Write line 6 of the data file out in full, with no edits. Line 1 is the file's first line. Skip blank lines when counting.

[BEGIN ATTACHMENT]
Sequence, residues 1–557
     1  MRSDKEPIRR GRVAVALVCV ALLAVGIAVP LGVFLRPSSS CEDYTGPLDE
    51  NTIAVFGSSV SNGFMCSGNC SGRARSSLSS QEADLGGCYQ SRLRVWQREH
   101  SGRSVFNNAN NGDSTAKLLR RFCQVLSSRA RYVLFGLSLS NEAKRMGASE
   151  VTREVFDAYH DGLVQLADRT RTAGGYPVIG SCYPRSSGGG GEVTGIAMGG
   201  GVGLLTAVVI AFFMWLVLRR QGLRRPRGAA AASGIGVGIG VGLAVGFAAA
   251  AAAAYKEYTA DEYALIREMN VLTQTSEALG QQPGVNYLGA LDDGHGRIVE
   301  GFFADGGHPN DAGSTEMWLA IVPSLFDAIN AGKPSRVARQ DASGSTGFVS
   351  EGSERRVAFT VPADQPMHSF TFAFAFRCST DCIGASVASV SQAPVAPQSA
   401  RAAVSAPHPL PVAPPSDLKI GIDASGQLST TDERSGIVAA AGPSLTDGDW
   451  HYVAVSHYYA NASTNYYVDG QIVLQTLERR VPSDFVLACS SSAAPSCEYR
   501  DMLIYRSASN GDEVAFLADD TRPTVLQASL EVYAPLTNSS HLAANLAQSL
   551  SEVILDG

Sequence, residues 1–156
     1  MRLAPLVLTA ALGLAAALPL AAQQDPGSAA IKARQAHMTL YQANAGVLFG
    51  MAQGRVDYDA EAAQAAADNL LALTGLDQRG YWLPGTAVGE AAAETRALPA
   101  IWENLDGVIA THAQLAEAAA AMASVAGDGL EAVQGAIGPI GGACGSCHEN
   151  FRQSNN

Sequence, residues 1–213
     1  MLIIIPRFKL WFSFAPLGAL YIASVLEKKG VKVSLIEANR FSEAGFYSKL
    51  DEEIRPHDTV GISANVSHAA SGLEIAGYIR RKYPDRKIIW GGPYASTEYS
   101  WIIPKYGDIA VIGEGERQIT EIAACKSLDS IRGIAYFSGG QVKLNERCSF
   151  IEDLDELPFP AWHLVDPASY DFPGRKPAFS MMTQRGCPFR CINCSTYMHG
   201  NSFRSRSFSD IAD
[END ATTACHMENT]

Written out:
   201  GVGLLTAVVI AFFMWLVLRR QGLRRPRGAA AASGIGVGIG VGLAVGFAAA